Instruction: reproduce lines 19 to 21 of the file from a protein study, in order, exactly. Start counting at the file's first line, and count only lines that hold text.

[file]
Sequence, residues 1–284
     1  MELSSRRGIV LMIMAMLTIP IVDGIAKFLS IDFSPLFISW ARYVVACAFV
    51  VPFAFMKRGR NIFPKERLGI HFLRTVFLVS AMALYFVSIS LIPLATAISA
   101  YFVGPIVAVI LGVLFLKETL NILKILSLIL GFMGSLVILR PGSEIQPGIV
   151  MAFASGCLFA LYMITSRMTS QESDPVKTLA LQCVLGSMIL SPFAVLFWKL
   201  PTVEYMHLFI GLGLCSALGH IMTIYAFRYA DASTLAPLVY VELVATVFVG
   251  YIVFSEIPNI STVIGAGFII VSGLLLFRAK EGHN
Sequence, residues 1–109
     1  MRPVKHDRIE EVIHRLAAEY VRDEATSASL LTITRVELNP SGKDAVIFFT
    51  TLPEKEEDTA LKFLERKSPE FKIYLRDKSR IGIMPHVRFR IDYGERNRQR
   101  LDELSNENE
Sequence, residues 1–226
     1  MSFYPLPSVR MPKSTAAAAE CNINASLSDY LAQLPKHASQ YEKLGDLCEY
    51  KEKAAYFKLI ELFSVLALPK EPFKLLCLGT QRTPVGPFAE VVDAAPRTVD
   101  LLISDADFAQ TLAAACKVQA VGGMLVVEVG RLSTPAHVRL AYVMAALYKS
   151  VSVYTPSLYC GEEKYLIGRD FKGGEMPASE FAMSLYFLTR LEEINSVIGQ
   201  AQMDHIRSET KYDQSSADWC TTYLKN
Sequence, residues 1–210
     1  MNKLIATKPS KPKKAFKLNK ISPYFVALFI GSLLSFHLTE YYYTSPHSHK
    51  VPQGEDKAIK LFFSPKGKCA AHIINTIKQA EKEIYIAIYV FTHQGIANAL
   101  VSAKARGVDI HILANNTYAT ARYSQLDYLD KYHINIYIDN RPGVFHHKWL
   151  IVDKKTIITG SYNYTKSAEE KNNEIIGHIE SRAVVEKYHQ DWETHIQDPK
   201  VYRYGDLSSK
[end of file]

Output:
     1  MNKLIATKPS KPKKAFKLNK ISPYFVALFI GSLLSFHLTE YYYTSPHSHK
    51  VPQGEDKAIK LFFSPKGKCA AHIINTIKQA EKEIYIAIYV FTHQGIANAL
   101  VSAKARGVDI HILANNTYAT ARYSQLDYLD KYHINIYIDN RPGVFHHKWL